New Times / Cuisine
The following articles were printed from New Times [newtimesslo.com] - Volume 28, Issue 48
Anatomy of a compost pile: Cultivating better home produce means getting your hands out of the dirt and into the soil
By HAYLEY THOMAS
According to Nature’s Touch Harvest and Nursery Owner Melanie Blakenship, cultivating a quality compost heap is a lot like cooking lasagna: There’s a method to the madness, but no one-fits-all approach.
It’s an apt metaphor. Both activities require similar abilities: an iron will (you must leave your “dish” alone until it is fully cooked), physical labor (layering and layering), and remarkable self-control (if you dig in too early, you could make yourself sick).
The Templeton garden guru’s recipe for “Organic Hot Compost Lasagna” reads something like this: Combine a hefty sum of chicken manure, dried leaves and straw, green waste, and table scraps. Turn for weeks or months, depending on ingredients and weather. Test for optimal pathogen-killing temperature and wait some more. Then, and only then, may you spread the fine, dark soil over your raised vegetable bed. Reap the reward as fledgling tomato plants burst forth from the ground with exceptional vigor. Optional: Grin smugly as your neighbor—the one who uses chemical pesticides and fertilizers—comes up short.
If you want to know Blakenship’s “11 herbs and spices,” including the specific carbon-to-nitrogen ratio, optimal height, and suggested frequency of mixing needed to make your specific patch of earth flourish, you’ll need to attend her all-natural composting workshops. However, there are some quick-and-dirty tips a first-time composter can (and should) take to heart before taking on an at-home heap. First, let’s clear up the obvious.
“What is soil? We all have dirt, but so few of us are exposed to soil,” Blakenship said. “Soil has the nutrients and microorganisms that go into feeding your plants. Dirt does not produce food. Soil produces food, and compost produces soil.”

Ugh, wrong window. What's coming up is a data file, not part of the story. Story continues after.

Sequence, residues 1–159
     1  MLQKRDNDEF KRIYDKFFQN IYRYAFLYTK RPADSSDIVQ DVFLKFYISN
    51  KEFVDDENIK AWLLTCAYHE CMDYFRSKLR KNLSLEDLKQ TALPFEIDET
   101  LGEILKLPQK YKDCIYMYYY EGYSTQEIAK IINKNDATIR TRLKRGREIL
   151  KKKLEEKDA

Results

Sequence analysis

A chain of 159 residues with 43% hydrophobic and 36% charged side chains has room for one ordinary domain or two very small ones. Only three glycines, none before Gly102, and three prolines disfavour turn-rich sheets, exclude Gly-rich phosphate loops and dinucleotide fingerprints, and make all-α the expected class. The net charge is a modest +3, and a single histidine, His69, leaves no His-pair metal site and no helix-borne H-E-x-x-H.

Next: Waste not, want not.
“It’s about knowing the hand that touches your food; knowing the hand that touches your plants,” Blakenship said. “When you are making your purchases, you should really think about how to make everything travel in a circle.”
That means avoiding excessive packaging when possible, buying whole fruits and vegetables, purchasing produce direct from farmers markets, and redirecting your own kitchen scraps from the landfill to your backyard.
Aside from running Nature’s Touch nursery and market, Blakenship tends greenhouses and orchards as well as raises poultry, beef, goats, and pigs.
“Byproducts from my store go to feeding my animals, and that manure goes into my compost pile,” Blakenship said. “It’s about keeping the system going.”
Knowing what you’re composting is half the battle. That long-dead California Lilac you bought at Home Depot? It can certainly go in your pile, but remember: It was likely grown with the aid of chemical fertilizer, and all chemicals take time to break down. According to Blakenship, adding chemical fertilizers and pesticides to your heap defeats the purpose of nourishing your land and your body naturally.
“Chemical fertilizer is about making everything bigger, not healthier. I would love for anyone to test and trial a commercial chemical compost pile versus an organic compost pile, and watch how things break down,” Blakenship said. “In Nevada, I witnessed jet fuel contamination into dirt, and I witnessed it being composted and tested to the point where—eventually—there was no residual of the synthetic compounds. However, it took eight years for that to happen.”